Anyway, the TH was reviewing gas prices and blathering about the US average price for unleaded, and comparing that price to prices, expressed in dollars per gallon, in Western Europe and Japan, and concluded we had it good. The TH did admit that US prices seemed low compared to Western Europe and Japan because US fuel taxes were low.

This all got me to thinking that since US gas taxes have NOT INCREASED since January 1 2006, the pump price run ups for unleaded are in theory only a function of crude prices, refining and transportation costs, plus, of course profits.

Round numbers, pump prices appear to be up about 33% in 4 months.

Whats going on with pump prices in Western Europe and Japan? Are they up similar percentage levels?

Both crude and refined unleaded being world wide commodities, the percentage price rise for a refined delivered gallon should be uniform or very very close to uniform after taxes are backed out in countries where the government does not control distribution and keep pump prices artificially low, selling at a less than cost basids (E.G. Venezuela, PRC, Saudi Arabia, etc.)

If you back out the taxes and look solely at the prices for the delivered refined commodity per gallon (the conversion from liters to gallons, or from Imperial Gallons to gallons in the case of the UK is a trivia xerise) in the US and in Western Europe or Japan, expressed in US$, is the PERCENTAGE INCREASE in the cost of the delivered refined gallon of the commodity the same?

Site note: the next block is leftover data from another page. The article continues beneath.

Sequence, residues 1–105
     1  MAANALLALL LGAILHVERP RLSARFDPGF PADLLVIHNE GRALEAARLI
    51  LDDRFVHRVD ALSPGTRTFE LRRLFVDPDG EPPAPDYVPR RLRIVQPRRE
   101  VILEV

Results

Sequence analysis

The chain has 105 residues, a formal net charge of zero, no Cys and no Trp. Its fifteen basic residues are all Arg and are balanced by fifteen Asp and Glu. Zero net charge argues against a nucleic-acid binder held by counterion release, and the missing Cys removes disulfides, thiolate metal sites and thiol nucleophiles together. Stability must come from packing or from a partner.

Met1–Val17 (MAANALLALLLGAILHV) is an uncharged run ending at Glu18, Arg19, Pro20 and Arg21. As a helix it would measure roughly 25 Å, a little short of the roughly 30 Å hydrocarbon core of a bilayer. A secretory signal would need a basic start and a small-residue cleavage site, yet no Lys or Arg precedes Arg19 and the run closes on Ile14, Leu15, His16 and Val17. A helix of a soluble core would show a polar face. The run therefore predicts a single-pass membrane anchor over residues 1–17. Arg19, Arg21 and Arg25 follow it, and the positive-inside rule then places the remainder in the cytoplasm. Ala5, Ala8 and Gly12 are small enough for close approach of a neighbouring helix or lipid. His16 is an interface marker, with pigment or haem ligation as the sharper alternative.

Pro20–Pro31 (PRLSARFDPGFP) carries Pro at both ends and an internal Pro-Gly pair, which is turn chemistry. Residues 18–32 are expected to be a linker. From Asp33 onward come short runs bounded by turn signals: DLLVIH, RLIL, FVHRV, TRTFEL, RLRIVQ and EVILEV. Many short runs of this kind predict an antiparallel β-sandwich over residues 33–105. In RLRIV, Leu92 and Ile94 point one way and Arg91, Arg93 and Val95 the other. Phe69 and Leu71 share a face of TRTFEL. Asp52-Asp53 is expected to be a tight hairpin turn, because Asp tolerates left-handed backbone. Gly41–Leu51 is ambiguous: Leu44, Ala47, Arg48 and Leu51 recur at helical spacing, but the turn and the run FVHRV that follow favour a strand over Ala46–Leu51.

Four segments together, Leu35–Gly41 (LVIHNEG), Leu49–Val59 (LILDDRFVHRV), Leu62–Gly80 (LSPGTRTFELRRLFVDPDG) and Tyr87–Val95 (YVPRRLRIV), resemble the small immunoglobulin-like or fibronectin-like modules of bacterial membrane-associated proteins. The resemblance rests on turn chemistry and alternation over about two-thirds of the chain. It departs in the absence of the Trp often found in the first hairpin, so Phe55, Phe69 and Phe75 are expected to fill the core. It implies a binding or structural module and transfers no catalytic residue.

It should be.

If its not, then, Exxon, you got some major 'splaining to do.

I wish I had the data to do the calculations. I think I'm going to look into this as well as my limited skills will let me.

With Ron Weyden again making noises about gas prices, its something his staff might want to look at.

Jack, you know any real smart economist types with access to data?

Worst. President. EVER.

Hey Republicans and others asleep at the wheel in 2000 and 2004... history will not be kind to you and your Rat King. There are lots of us who called it six years ago... you didn't pay attention, and now look what we have. I think a "You were right" is in order...

On the bright side for us Dems, you gave us a Nixonian gift. Bush's 'taint' will be all over your corrupt party for years to come.

TK said taint. Huh huh.

Cool it, Beavis.